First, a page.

No, it’s not what you think. This isn’t about some hippy-dippy, Ohm chanting commitment to serving a higher universal power. Although that’s a nice thought, too. There are specific elements of my 11+ years of a consistent yoga practice that feed my work as a fundraising and philanthropy consultant, both consciously and unconsciously. Some of these thoughts were bubbling up “on the mat” yesterday, so here they are:
Precise attention to alignment.
In yoga, where you put your pinky toe can make all the difference. That pinky toe can help you open up and stretch your whole body, or, if ignored, it can leave your yoga pose stale and stagnant.
When I’m writing a grant proposal, precise attention to the details makes all the difference. Do the number of participants on page one match the number of participants on page seven? Does the budget narrative reflect the program we have described throughout the proposal? Are we answering all of the questions that the potential funder has asked? A dedication to details shows that we are committed to accuracy, thoroughness, and follow through.
In a philanthropic context, alignment also has a deeper meaning. For example, is the project we are describing really aligned with the potential donor’s interests? Is our proposed project aligned with the organization’s mission? Is it aligned with the needs of our clients/constituents? Does it align with our values?
In yoga (as in life!), the breath is your constant. When it gets tough, breathe. When it gets uncomfortable, breathe. When you feel off balance, breathe. When you are reaching your “edge” or your limit, breathe. When you want to celebrate how fantastic or expansive or light your body feels, breathe. Through every distracting thought, you can return to the breath to get grounded again.
Fundraising can be a stressful profession, with deadlines, unanswered questions that need immediate answers, donors or staffers who must be placated, financial goals that must be met in order for clients’ needs to be addressed... the list goes on. Going into panic mode doesn’t help. In fact, going into panic mode can cloud judgment and nudge nonprofits towards quick fixes that may alleviate stress in the short term but cause bigger problems long term (e.g. asking a donor for the wrong amount of money, cutting a program that’s mission critical, wasting time on shoving proposals out the door that are unlikely to lead to funding, etc.) When the going gets tough, breathe. This is not only a literal suggestion – inhale, exhale – but also represents need to return to the things that keep the nonprofit alive, that keep it functioning and healthy. What are the organization’s “constants”? What can’t it live without? What keeps the nonprofit grounded?
Stretching in a yoga pose can feel amazing. Expansive. Invigorating. But stretching beyond what your body can handle, or what you have carefully prepared your body to do, can create pain. That pain can last for days, months, or even years. (Just ask my sacroiliac joint. Ouch.)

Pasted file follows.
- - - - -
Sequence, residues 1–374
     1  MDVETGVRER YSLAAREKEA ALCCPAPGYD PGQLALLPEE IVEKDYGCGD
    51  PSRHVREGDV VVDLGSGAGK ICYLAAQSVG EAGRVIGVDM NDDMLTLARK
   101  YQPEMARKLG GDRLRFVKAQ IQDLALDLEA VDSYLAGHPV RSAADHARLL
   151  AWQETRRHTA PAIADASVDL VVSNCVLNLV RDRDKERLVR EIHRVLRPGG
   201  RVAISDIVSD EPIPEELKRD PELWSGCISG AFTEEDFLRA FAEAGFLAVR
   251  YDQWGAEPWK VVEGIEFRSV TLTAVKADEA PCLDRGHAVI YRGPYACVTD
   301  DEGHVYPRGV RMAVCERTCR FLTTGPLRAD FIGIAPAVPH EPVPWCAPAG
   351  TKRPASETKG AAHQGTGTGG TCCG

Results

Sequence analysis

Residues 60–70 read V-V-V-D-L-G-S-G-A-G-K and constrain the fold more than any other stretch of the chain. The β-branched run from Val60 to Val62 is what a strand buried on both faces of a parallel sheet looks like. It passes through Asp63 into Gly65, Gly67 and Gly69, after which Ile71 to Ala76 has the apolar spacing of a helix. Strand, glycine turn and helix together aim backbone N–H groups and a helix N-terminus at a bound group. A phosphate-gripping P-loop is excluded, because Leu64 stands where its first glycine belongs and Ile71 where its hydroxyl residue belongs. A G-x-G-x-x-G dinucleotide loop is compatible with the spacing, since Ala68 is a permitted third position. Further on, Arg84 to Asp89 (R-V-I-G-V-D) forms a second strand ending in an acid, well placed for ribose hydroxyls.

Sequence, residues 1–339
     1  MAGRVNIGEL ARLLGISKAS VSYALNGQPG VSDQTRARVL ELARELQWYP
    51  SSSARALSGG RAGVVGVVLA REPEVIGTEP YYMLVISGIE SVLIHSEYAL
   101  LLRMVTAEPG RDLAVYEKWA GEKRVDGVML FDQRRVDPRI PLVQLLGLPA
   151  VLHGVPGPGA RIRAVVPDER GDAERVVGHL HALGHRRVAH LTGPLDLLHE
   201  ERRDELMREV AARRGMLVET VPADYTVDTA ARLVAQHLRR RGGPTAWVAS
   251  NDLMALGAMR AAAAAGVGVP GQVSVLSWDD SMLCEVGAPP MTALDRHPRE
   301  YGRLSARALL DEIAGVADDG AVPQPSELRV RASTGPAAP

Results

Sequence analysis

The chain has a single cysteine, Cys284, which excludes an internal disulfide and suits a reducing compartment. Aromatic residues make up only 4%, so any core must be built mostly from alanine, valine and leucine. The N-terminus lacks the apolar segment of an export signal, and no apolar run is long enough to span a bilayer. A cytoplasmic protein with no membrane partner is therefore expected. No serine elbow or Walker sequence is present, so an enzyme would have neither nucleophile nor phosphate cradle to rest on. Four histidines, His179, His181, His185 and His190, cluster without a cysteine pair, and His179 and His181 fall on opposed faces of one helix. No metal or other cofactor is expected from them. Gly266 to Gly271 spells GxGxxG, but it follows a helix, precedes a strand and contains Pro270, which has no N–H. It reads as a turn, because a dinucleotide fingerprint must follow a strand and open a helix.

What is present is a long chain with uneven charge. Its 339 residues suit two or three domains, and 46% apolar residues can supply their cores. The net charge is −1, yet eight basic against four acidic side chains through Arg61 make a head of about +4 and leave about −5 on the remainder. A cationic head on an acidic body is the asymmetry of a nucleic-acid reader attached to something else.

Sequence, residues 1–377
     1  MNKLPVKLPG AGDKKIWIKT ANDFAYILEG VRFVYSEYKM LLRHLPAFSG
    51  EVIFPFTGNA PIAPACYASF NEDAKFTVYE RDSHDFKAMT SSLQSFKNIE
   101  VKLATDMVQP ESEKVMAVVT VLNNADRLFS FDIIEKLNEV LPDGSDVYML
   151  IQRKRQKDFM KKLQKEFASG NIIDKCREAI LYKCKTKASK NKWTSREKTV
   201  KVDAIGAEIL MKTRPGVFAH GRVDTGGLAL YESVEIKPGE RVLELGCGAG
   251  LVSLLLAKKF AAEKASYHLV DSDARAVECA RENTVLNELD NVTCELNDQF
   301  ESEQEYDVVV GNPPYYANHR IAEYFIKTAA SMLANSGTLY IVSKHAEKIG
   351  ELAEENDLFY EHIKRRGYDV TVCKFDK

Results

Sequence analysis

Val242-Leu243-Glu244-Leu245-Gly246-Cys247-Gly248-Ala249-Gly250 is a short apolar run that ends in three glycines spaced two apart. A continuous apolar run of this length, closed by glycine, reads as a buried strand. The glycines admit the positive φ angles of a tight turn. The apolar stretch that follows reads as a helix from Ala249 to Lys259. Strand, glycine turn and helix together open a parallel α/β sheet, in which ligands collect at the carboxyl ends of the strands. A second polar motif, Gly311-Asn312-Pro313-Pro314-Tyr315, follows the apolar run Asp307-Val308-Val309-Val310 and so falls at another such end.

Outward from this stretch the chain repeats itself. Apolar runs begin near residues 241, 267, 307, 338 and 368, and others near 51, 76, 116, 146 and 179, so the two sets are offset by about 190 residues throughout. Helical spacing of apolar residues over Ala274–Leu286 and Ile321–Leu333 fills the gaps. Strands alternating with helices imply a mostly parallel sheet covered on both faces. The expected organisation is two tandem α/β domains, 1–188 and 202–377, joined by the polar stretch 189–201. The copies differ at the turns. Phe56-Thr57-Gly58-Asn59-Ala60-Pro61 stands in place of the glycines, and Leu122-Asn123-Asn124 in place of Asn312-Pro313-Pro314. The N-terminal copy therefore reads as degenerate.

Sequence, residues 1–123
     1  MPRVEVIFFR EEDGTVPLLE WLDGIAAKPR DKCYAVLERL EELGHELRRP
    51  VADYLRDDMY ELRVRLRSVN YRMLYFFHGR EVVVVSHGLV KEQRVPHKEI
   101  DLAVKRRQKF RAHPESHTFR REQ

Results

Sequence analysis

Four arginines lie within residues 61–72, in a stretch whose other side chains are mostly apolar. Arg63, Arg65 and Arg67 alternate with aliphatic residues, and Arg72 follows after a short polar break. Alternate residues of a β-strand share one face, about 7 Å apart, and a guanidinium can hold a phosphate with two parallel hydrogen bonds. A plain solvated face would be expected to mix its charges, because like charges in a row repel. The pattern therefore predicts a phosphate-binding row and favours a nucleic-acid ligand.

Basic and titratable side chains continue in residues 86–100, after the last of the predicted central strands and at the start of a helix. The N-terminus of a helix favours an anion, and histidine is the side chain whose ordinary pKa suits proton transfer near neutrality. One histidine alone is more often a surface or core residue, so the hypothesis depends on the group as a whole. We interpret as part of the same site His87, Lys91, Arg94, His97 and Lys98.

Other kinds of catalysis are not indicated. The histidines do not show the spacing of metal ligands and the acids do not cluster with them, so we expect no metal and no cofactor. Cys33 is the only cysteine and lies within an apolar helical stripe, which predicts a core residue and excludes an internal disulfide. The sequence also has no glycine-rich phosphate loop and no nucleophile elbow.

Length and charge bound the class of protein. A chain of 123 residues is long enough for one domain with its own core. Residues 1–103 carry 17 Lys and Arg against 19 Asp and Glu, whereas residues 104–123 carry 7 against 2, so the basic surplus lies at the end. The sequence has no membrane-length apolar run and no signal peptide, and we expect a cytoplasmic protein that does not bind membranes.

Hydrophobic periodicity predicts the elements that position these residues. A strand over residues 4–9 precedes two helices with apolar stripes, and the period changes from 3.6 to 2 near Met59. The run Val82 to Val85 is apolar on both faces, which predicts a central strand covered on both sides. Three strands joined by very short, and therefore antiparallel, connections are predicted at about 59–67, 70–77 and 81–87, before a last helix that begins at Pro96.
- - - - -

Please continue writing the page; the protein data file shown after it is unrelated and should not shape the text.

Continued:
When I work with clients to set new fundraising goals, train their boards, or envision new programs to integrate into their existing work, I encourage them to stretch. Pushing beyond their immediate comfort zones keeps the organization vibrant and healthy. But stretching too hard, doing something that they are not prepared to do, can cause pain, or even damage. The wisdom comes when you can figure out how much of a stretch is too much.
Many people think yoga is all sitting on the floor and chanting Ohm. Not so! Some yoga practices are vigorous and sweat-inducing. Even if you are not moving a lot, just holding a pose in one place can bring on a serious sweat. Sweat is good. It cleanses you, cools you off, and shows you that you’re working.
It’s also good for an organization to sweat a little. Even doing the same thing it’s been doing for a long time (like holding a yoga pose for a long time) can make an organization sweat, if they are doing it well and with the right level of effort. Trying new things (like trying a new yoga pose) can make the organization sweat. And that’s a good thing. It keeps the organization healthy. And a little bit of sweat and nervous energy never hurt anyone before going in to meet with a donor for a major solicitation.
Practice, practice, practice.
They call it a “yoga practice” for a reason. Every time you return to the mat, it gets a little more familiar. The mat seems to feel a little more like home. Every return to the mat is an invitation to take things deeper, challenge yourself a little more, find out what feels really juicy and right in your body. A yoga practice is called a practice because it’s never really “done.”
The same is true of fundraising and philanthropic giving. It’s never really done. As soon as you feel you’re on top of it, you’ve accomplished your goals, you’ve mastered a new skill, that’s your invitation to take it deeper. It takes practice to get really good at asking people for donations, writing a grant proposal, or deciding how to give away your charitable dollars mindfully and carefully. And as soon as you’ve done what you set out to do, that’s your invitation to learn a new skill, expand your nonprofit’s work or influence, or explore how your charitable giving is really moving the needle on an issue that’s important to you. It’s a practice, one that gets more rewarding each time you return to it.